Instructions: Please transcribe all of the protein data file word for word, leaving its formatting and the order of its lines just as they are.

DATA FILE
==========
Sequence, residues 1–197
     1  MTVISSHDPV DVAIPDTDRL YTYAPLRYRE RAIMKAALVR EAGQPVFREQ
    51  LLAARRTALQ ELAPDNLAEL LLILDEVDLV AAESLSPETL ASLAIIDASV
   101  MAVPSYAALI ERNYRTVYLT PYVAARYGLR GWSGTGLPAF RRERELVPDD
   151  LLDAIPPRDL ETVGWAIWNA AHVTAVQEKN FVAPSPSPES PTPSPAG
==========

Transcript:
Sequence, residues 1–197
     1  MTVISSHDPV DVAIPDTDRL YTYAPLRYRE RAIMKAALVR EAGQPVFREQ
    51  LLAARRTALQ ELAPDNLAEL LLILDEVDLV AAESLSPETL ASLAIIDASV
   101  MAVPSYAALI ERNYRTVYLT PYVAARYGLR GWSGTGLPAF RRERELVPDD
   151  LLDAIPPRDL ETVGWAIWNA AHVTAVQEKN FVAPSPSPES PTPSPAG